Bitcoin market capitalization cracks trillion mark

Bitcoin cracks trillion mark

The record chase continues for the cryptocurrency Bitcoin after it jumped above the $50,000 mark. Shortly before the weekend, it rises to a new record high. Some factors play a special role in this. It is still not to late to invest in btc, just pick a reliable exchange from this website and start.

The cyberdevise Bitcoin has broken a sound barrier in its record chase: For the first time, all Bitcoin in circulation together were worth more than one trillion dollars on Friday, according to data provider CoinMarketCap. The Bitcoin price rose by 5.5 percent to a record high of 54,405 dollars. The weekly gain was thus eleven percent, and since the beginning of the month the increase was 64 percent. On Saturday morning, the price even climbed to 55,564 dollars. If you are new to crypto trading, you can consider using a bitcoin trading bot from this website.

Bitcoin market capitalizationJust two months ago, the foreign exchange had surpassed its best mark of 2017 and broke through the price threshold of 20,000 dollars. Shortly thereafter, it surpassed the hurdles at 30,000 and 40,000 dollars and had also cracked 50,000 on Tuesday. The rally had really taken off when Tesla announced it had invested 1.5 billion in bitcoin. The head of the e-car builder, Elon Musk, is considered a fan of cryptocurrencies. He had boosted both Bitcoin and other internet currencies with positive tweets in recent weeks. In addition, credit card provider Mastercard announced that it would open its payment network to cryptocurrencies.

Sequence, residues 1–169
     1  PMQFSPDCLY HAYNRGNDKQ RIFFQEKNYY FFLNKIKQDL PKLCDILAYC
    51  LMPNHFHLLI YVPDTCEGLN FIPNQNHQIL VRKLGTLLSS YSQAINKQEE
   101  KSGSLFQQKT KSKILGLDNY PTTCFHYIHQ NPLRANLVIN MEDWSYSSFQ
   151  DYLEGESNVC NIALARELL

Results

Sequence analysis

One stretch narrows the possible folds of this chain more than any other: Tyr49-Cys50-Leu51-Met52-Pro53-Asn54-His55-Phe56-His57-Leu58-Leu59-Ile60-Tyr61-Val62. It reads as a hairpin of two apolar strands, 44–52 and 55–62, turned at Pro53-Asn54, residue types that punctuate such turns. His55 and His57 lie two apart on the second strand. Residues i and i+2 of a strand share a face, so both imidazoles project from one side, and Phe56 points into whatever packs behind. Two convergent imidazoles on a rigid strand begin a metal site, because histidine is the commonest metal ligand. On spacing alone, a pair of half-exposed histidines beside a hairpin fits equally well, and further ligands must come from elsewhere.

Analysts warn of risks

While some analysts see further upside potential, critics warn of the risks of the highly volatile digital currencies, which are hardly used in the real economy, but mainly serve as fodder for speculators. Current prices are significantly higher than fair value, JP Morgan says. Crypto assets, for example, “remain the worst hedge against major stock market setbacks” with “questionable diversification benefits” at prices far above production costs, it said. Some investors said Bitcoin’s high volatility was a hurdle to it becoming a widely used means of payment.

  • Bitcoin supporters, on the other hand, argue that the cryptocurrency is “digital gold” that investors can use to hedge against rising inflation risk.
  • However, according to JP Morgan, Bitcoin would need to rise to $146,000 in the long term for its market capitalization to equal the amount that private investors would have invested in gold through exchange-traded funds or bars and coins.
  • Bitcoin is a purely digital currency that can be used to send money anonymously around the globe in seconds. Unlike the euro or the dollar, there is no central bank behind it. Therefore, the exchange rate is solely the result of supply and demand.
  • The cyber currency, which has been around since 2008, is controlled by the community of its users. All transactions are encrypted and recorded in a common database, the so-called blockchain, in a forgery-proof manner.

Power guzzler Bitcoin

Bitcoin rise

The flight to fame of the virtual currency Bitcoin has very real side effects: In order for new cryptocurrency to be created, mainframes are consuming more and more electricity – now as much as the Netherlands.